Gay protests fuel debates on Russia’s human rights record
Approximately 40 protesters were detained May 27 during yet another attempt to protest for LGBT rights in Moscow, according to the Russian Ministry of the Interior. The detentions came just three days after Amnesty International's 2011 annual report on the state of human rights worldwide was issued, which included harsh words for Russia. The report read in part, “freedom of assembly had been frequently violated in the context of political, environmental, social and other protests."
The issue of gay rights was singled out for special attention. "LGBT rights activists continued to face harassment and attacks. Attempted pride marches and pro-LGBT rights pickets in Moscow and Saint Petersburg were banned and promptly dispersed by police," the report stated.
The LGBT rights situation in Russia was also highlighted in the U.S. Department of State's annual human rights report, issued on May 25. Among other criticism, the U.S. report included the statement that, according to LGBT activists in Russia, "the majority of LGBT persons hide their orientation due to fear of losing their jobs or their homes, as well as the threat of violence."
The official commissioner of human rights in Russia, Vladimir Lukin, believes however that there are few violations of LGBT rights in the country. "This issue is very complex. As Russia's human rights commissioner, I must say that we receive few complaints regarding rights violations of sexual minorities," Lukin said. A new city law in St. Petersburg approved at the beginning of this year, however, questions Lukin’s statements. The law prohibits "promoting sodomy, lesbianism, bisexualism and transsexualism to minors." Gay rights activists say the law could be used to crack down on any public demonstration of homosexuals - from art to gay pride parades.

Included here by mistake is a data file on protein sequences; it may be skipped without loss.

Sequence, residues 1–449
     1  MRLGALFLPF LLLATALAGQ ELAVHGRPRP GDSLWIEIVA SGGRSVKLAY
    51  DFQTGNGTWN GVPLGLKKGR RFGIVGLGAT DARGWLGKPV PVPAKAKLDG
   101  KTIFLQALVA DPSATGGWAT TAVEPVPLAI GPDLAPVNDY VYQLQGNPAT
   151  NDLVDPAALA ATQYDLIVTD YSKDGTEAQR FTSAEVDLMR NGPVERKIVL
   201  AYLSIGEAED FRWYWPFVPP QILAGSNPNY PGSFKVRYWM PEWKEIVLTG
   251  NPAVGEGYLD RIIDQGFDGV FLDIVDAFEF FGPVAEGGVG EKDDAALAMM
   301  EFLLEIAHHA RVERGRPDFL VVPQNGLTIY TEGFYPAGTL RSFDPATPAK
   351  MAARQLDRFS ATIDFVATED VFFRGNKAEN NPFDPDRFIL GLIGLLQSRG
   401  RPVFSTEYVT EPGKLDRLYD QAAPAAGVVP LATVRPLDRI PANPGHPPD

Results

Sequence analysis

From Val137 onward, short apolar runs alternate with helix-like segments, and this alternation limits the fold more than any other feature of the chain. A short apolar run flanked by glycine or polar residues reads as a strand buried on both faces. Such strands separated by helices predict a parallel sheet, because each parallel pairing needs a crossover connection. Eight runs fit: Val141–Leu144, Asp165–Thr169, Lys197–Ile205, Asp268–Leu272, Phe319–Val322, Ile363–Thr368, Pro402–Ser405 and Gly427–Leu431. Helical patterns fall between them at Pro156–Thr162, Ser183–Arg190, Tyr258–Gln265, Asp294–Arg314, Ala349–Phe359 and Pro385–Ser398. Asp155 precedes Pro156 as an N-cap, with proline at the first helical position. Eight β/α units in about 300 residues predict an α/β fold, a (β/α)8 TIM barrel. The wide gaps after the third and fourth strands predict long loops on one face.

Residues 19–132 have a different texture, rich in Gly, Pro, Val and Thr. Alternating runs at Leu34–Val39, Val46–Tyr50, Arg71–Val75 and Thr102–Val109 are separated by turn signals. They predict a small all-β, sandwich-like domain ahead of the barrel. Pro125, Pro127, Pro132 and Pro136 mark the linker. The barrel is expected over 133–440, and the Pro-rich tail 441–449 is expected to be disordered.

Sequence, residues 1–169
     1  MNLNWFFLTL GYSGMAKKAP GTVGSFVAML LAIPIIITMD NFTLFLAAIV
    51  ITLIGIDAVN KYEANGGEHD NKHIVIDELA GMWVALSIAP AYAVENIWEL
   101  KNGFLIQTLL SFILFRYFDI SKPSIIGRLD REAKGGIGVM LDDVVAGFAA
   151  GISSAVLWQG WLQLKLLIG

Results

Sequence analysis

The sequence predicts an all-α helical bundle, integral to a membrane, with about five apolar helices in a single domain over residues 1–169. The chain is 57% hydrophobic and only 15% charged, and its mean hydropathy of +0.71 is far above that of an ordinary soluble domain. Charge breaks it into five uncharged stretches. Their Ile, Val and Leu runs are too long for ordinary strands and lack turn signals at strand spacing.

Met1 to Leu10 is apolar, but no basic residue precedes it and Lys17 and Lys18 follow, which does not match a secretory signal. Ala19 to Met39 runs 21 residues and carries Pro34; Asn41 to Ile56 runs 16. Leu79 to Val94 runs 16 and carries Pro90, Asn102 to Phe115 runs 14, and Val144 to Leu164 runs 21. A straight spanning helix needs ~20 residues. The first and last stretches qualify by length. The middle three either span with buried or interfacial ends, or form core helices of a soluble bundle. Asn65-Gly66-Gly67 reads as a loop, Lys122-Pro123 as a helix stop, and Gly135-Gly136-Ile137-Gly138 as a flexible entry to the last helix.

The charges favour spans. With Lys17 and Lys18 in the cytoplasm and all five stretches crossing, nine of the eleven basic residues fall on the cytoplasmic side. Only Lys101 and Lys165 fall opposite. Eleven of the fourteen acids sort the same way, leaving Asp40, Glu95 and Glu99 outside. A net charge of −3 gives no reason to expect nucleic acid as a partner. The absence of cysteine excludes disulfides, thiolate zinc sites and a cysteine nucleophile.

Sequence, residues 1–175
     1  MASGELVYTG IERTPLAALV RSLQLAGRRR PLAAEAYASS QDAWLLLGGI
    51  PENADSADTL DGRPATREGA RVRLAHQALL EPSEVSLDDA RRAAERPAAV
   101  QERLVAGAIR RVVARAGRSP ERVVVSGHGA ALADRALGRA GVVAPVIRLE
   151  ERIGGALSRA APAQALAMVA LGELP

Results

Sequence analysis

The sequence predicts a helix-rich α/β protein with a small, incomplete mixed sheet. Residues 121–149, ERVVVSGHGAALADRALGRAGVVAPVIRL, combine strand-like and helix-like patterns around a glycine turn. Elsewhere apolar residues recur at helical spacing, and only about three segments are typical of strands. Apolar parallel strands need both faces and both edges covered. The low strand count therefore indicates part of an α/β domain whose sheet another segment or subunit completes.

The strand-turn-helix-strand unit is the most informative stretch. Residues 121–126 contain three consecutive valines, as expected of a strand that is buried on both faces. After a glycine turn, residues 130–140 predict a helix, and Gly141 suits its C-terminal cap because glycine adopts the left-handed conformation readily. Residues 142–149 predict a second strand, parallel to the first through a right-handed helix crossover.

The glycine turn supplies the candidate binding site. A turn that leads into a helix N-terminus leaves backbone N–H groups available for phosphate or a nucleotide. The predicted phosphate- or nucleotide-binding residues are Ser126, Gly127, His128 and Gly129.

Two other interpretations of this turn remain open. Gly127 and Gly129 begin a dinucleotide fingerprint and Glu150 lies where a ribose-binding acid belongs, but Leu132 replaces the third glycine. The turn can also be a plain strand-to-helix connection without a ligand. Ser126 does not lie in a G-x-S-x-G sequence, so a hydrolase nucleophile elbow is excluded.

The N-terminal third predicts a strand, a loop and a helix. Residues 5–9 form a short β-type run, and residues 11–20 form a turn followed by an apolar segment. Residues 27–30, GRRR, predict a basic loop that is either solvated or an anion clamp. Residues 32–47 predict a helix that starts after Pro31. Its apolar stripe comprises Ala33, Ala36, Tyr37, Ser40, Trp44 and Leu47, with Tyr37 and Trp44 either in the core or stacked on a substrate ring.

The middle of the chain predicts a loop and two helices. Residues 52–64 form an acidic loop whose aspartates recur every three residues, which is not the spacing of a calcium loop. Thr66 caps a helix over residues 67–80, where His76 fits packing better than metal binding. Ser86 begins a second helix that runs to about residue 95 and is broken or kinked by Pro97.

Lukin, however, does not consider the law a violation of LGBT rights. "I do not think that the publicity of sexual preferences is acceptable. If the Constitutional Court decides that the law goes against the Constitution, then I would be against that law. Any legislation gives rise to criticism, it is healthy," Lukin said.
The Amnesty International report highlighted an increase in civil society movements in Russia after the parliamentary elections in December 2011, noting the importance of "civil and political freedoms" and the decrease in the population's demand for the "stability promised by [Dmitry] Medvedev and [Vladimir] Putin.”
Nevertheless, the organization did not consider these protests an example of progress on human rights in Russia. According to the Amnesty International, the decision of the authorities to allow some street rallies does not excuse continued restrictions on freedom of assembly and the organization reports that many Russian peace demonstrators were detained and arrested.
Likewise, while the report also notes the increasing influence of online media and minor print media outlets which, unlike Russian television, criticize the government, it indicates that opposition journalists continue to face threats, which are very rarely fully investigated by the authorities.
Another problem reported by Amnesty International is the delay in implementation of promised reforms. According to the report, in 2011 no progress was made in the fight against corruption or in the continuation of modernization and the criminal justice system reform. The report also stated: "members of religious minorities faced persecution" and "torture remained widely reported despite superficial police reforms", and also that "the situation in the North Caucasus remained volatile, with serious human rights abuses."
For his part, Lukin did not find the report disheartening. "This is the recognized and complete report on the state of human rights in 190 countries. [Amnesty International] is a qualified organization and its point of view is quite objective. At least, I was satisfied to know that out of all of the countries analyzed, only 21 have the death penalty," Lukin said.